Question? Focus Modes/ Focus Points

I recently received an email asking me which focus modes and focus points I use. I started to answer the email and decided I would share it on my blog instead. It is important to remember that I shoot primarily with Canon gear and I use the shutter button to focus. This information may be pretty basic for some of you but remember we all have to start somewhere and since I teach a lot of folks that are just moving into bird photography, all of this may be helpful to them.

Focus points:

Autofocus points aka AF points are what the camera uses to focus on a subject. When you are set on automatic AF selection, you’ll know where the camera is focusing by which AF points light up when your shutter button is pressed halfway down. When you select all of your focus points you are asking the camera to decide where to focus. I prefer to use Single-point AF as this is where you work with only one AF point, and that point can be moved manually anywhere within the AF array of available focus points. This gives the photographer complete control over what the focus point area should be.

So why not decide for yourself all the time?

Well, there are times when the camera can do a great job in making a focusing decision for you. If you have a solid colored background like a clear blue sky and you have a bird fly into that background; the job of the camera is easy and you will most likely get your shot. However, if the background is busy or there is low contrast than it has been my experience that the camera cannot pick up the subject from the background as easily and that is where single point focus comes in handy as you are able to decide quickly and force the camera to focus where you want it. Recently, I have been experimenting with Expand AF and Surround AF but I never use Zone AF or Auto Selection AF.

Below is a video tutorial by Rudy Winston from Canon that goes over each of the AF Area Options for those of you that may want to go through them all:

Ok, now onto Focus Modes…

Auto focus works in one of two ways with Canon, either in “One-Shot” mode or “AI Servo” (AI stands for Artificial Intelligence). There is a third focus mode called “AI Focus” which is basically where you let the camera decide which of these two it should use. For example if you are shooting a still subject and it starts to move the camera should switch automatically to “AI Servo”. However, I have been told by some experts that “AI Focus” is not reliable and was initially designed for beginners. I have also heard some pros refer to it as the focus mode that you use when you don’t care if you acquire focus–LOL. I never use it.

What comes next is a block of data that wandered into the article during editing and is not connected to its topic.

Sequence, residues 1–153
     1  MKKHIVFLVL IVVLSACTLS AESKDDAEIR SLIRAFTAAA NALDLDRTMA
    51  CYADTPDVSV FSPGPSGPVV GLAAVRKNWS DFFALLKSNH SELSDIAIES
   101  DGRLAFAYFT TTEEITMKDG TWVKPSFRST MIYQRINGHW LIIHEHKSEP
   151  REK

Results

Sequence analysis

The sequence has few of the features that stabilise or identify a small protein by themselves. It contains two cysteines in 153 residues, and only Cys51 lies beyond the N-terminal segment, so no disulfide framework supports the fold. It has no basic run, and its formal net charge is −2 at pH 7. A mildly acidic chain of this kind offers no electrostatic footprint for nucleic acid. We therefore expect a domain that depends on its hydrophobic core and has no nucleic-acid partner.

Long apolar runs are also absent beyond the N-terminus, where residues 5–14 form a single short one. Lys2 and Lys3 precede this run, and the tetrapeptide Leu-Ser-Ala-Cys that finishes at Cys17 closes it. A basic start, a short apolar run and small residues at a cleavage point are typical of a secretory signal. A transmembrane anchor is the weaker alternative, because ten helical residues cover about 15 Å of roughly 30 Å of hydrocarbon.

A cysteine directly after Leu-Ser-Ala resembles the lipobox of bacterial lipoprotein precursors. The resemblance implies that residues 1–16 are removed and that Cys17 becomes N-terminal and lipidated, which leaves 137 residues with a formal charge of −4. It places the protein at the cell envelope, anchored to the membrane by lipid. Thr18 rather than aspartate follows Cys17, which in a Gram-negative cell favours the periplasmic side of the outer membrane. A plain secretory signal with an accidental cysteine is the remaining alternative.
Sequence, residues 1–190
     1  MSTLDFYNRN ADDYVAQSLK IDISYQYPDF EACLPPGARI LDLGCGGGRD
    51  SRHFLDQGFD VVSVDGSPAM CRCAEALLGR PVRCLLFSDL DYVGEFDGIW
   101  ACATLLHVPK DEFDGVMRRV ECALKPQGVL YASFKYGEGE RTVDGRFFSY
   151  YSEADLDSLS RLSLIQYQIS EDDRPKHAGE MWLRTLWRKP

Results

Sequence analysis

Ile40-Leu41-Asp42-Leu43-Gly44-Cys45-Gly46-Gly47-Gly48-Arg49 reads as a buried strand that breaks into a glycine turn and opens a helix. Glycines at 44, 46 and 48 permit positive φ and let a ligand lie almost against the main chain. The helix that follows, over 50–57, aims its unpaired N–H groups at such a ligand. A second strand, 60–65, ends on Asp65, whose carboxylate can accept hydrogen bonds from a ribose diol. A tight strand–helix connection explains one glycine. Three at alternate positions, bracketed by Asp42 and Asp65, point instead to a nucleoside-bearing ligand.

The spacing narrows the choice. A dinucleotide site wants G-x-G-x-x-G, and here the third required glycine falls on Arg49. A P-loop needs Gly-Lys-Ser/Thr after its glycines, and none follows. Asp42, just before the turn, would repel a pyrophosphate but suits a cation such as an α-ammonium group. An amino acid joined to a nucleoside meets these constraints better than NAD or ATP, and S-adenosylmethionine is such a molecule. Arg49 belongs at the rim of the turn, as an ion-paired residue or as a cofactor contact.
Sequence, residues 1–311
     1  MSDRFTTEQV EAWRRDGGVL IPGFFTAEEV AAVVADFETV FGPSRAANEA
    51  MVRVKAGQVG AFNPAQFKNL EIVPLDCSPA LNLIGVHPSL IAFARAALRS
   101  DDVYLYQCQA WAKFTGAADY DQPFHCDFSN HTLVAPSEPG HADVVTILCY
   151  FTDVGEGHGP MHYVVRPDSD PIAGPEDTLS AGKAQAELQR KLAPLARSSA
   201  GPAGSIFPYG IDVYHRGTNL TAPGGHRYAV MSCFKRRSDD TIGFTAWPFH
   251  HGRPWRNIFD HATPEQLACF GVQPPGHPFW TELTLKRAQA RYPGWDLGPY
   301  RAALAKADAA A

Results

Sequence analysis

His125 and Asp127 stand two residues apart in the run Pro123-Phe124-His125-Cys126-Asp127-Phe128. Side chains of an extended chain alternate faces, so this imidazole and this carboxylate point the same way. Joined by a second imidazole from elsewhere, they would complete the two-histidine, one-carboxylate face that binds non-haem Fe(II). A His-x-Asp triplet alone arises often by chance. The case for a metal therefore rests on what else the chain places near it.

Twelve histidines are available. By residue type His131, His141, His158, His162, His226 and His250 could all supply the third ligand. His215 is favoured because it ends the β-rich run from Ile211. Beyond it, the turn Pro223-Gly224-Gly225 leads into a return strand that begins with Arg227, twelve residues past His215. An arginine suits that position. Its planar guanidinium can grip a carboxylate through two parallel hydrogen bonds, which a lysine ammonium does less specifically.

The difference between these two modes is this:

“One Shot” is best suited for still subjects because once you have acquired focus on a subject, provided you keep your shutter button pressed half way down, the focus won’t shift. This allows you to re-frame your subject. However if your subject is walking towards (when the focusing distance changes) you will have trouble keeping focus on your subject.

“AI Servo” is better suited for moving subjects when the focusing distance keeps changing, like birds in flight. So while you hold down the shutter button halfway (*if you are not using Rear Focus), the subject will be focused continuously—that is, until you move the focus point off the subject, then the focus will try to adjust.

* I don’t like using Rear Focus, especially for flight photography. In my opinion it makes you work twice as hard.

Photo of me, courtesy of Jim Fennessy.

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6 Responses

  1. Jim Fennessy says:

    Thanks for the photo credit. But I was trying to shoot the glacier and mountain behind you there in Alaska, and my camera accidentally focused on you only because my focus was set to automatic:) If my focus had been set to single point that glacier would be sharp:)

    Seriously, your flight photography in single point is amazingly good. You are way better than the camera could ever be at keeping that point on the bird’s head as it flies erratically through the air and through trees and contrasting backgrounds. I go back and forth between single point and group (the small diamond in Nikon) because even though my group autofocus sometimes locks on the bird’s tail (leaving my bird’s eye blurry), I still may lose less open sky flight shots then I would if my single point went off the bird entirely and focused out to infinity (which takes longer to recover from). As my flight tracking improves, I will do more and more single point shooting.